Public Policy Update
New Policy Directive on Pay Discrimination
Effective Thursday, Feb. 28, 2013, the Office of Federal Contract Compliance Programs (OFCCP) rescinded both its “Voluntary Guidelines” and “Compensation Standards,” which were first issued in 2006 for federal contractors. In addition, OFCCP has put in place Policy Directive 307, which replaces all previous directives on pay discrimination and describes OFCCP’s current philosophy on review of federal contractor pay systems and practices.
Under this new directive, federal contractors can no longer rely on the standard analytical criteria laid out in the Compensation Standards. Instead, the new directive provides that the analytical method to be used is case-specific. As the directive states, “This case-by-case approach to compensation discrimination includes the use of a range of investigative and analytical tools.” OFCCP will investigate and remedy instances of compensation discrimination regardless of whether individual workers have reported being underpaid. In addition, OFCCP will investigate possible systemic, small group and individual compensation discrimination.
When OFCCP proposed rescinding the “Voluntary Guidelines” and “Compensation Standards” in March of 2011, SHRM submitted comprehensive comments stressing that “a contractor has the right to know the standards by which it is being judged.”
The directive appears to be a step back from clearly identified standards. Instead, it allows for broad investigations of all compensation system and practices. OFCCP may also “examine policies and practices that unfairly limit a group’s opportunity to earn higher pay, such as ‘glass ceiling’ issues, and access to overtime hours, pay increases, incentive compensation, and higher commission or desired sales territories.”
OFCCP’s actions are part of a larger Obama Administration focus on pay discrimination and pay equity. In addition to the president specifically mentioning these issues in both the State of the Union and the Inaugural Address, the Equal Employment Opportunity Commission (EEOC) has identified “pay equity” as one of its six priorities under its new Strategic Enforcement Plan.
For questions or more information on the OFCCP’s policy decision, please contact Nancy Hammer, SHRM’s Government Affairs Policy Counsel, at Nancy.Hammer@shrm.org or 703-535-6030.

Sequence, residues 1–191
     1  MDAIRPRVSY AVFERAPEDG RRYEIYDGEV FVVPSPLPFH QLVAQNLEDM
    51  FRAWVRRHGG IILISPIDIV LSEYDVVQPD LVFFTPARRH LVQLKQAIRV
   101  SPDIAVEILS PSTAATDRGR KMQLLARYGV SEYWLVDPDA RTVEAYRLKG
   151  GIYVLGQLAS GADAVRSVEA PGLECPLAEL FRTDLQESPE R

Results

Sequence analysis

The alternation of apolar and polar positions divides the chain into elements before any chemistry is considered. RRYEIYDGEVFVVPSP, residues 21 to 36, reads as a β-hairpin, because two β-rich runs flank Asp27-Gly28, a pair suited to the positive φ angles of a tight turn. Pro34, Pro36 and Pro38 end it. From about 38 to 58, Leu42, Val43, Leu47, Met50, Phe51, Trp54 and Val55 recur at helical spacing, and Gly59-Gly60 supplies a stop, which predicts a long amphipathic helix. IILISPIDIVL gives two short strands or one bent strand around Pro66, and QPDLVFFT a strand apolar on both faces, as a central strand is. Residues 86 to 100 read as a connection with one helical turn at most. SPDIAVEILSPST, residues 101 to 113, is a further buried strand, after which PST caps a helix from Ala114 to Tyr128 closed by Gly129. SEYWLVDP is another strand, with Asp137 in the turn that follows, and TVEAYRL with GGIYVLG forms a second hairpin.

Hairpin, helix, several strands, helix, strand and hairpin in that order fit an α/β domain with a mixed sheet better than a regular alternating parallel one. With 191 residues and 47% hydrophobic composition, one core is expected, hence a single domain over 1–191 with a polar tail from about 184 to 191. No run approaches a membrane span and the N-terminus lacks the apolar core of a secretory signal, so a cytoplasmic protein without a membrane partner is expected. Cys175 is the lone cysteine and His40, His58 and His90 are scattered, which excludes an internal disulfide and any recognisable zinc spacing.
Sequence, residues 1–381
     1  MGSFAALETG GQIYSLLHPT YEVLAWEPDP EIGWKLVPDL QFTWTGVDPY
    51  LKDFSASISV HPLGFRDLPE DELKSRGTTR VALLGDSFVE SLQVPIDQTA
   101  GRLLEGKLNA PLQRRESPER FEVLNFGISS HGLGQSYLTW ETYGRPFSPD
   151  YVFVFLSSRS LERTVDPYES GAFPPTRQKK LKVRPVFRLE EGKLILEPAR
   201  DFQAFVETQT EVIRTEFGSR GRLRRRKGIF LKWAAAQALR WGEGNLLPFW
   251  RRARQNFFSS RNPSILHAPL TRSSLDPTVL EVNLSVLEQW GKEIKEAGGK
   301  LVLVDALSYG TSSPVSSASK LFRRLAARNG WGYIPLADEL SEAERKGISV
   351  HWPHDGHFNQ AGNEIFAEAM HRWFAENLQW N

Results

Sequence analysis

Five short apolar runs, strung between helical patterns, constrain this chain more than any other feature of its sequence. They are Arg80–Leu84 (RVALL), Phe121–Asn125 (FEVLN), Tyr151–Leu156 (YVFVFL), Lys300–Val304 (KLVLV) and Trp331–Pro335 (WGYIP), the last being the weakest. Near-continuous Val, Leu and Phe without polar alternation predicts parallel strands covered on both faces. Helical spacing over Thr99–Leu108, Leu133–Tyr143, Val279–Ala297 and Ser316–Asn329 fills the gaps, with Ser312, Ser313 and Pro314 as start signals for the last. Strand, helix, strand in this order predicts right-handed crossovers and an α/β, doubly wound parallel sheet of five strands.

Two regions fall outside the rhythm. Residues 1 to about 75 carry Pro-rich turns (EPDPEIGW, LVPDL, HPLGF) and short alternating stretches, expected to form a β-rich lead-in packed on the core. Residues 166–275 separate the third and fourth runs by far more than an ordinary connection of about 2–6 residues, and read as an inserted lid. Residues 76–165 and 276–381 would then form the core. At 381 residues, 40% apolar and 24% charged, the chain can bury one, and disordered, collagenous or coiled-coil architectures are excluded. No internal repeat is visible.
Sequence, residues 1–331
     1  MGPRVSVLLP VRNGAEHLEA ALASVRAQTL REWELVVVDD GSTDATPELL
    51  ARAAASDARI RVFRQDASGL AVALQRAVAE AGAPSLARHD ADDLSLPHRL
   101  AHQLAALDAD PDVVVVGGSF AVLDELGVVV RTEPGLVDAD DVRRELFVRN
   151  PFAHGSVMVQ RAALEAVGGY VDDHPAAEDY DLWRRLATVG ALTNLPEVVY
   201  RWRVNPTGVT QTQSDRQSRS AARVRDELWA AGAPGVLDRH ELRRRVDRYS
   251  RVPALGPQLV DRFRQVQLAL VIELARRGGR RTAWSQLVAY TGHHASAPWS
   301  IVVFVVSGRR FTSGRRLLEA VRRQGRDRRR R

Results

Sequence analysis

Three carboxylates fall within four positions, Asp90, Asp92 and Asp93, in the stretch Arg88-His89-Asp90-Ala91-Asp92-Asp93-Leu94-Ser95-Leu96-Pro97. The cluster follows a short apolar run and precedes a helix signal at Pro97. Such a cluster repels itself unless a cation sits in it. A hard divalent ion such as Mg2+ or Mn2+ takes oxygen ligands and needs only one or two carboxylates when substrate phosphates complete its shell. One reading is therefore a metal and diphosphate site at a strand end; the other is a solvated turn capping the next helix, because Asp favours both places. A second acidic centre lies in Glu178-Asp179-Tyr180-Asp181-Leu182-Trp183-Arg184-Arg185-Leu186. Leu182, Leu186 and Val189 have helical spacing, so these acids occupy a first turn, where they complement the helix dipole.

Round Two of Sequestration Negotiations
Barring a last-minute Washington miracle, as seen earlier this year with the passage of the American Taxpayer Relief Act (ATRA) of 2012, sequestration continues to loom over the U.S. economy. With the fiscal year 2012 budget deficit reaching $1.6 trillion and the U.S. national debt at more than $16 trillion, tax reform and efforts to lower the deficit are a priority for the White House and Congress. Unless a bipartisan agreement is reached to avert the legally mandated “sequestration” — an across-the-board set of budget cuts totaling $1.2 trillion over 10 years from defense and nondefense spending, we’ll begin to see major budget cuts. These cuts are expected to have significant effect on all sectors of the economy, in particular defense, security and transportation. It is expected that these budget cuts will result in hundreds of thousands of lost jobs.
In preparation for the impending sequestration, federal agencies have begun to implement the cuts. Various departments have already implemented pre-emptive hiring freezes and have begun to pinpoint ways to save.
As the deadline approaches, President Obama is meeting with congressional leaders to continue negotiations. Republicans appear to be firm in their opposition to the prospect of further increases in tax revenue as a solution, which the president has proposed as part of his desired “balanced” approach to reducing the deficit and averting sequestration. This suggests that a deal continues to be a long way off.
Sequestration is meant to reduce federal spending and primarily consists of mandating automatic, across-the-board spending cuts for federally funded programs in order to meet national budget goals, and discretionary caps that limit future federal spending.
The Budget Control Act (BCA) of 2011 mandated sequestration starting Jan. 2, 2013, if Congress could not reduce the federal deficit by $1.2 trillion-$1.5 trillion over a 10-year period. To avoid the Jan. 2, 2013, deadline, Congress passed the American Taxpayer Relief Act (ATRA) of 2012 on Dec. 31, 2012, which modified sequestration to start on March 1, 2013, if Congress cannot negotiate a way to avoid it.
For questions or more information on the congressional sequestration negotiations, please contact Michael Layman, SHRM’s Senior Associate, Government Relations, at Michael.Layman@shrm.org or 703-535-6058.
Join us for a live streaming discussion at the 2013 Employment Law & Legislative Conference
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